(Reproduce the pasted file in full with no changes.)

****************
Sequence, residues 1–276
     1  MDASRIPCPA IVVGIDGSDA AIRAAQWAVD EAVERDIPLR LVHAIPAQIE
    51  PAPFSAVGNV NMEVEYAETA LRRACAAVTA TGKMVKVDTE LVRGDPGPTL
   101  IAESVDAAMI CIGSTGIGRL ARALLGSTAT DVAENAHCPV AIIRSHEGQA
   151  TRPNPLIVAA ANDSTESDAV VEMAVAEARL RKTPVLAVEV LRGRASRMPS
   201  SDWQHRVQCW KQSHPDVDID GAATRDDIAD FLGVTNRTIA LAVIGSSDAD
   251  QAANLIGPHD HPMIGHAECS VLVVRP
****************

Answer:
Sequence, residues 1–276
     1  MDASRIPCPA IVVGIDGSDA AIRAAQWAVD EAVERDIPLR LVHAIPAQIE
    51  PAPFSAVGNV NMEVEYAETA LRRACAAVTA TGKMVKVDTE LVRGDPGPTL
   101  IAESVDAAMI CIGSTGIGRL ARALLGSTAT DVAENAHCPV AIIRSHEGQA
   151  TRPNPLIVAA ANDSTESDAV VEMAVAEARL RKTPVLAVEV LRGRASRMPS
   201  SDWQHRVQCW KQSHPDVDID GAATRDDIAD FLGVTNRTIA LAVIGSSDAD
   251  QAANLIGPHD HPMIGHAECS VLVVRP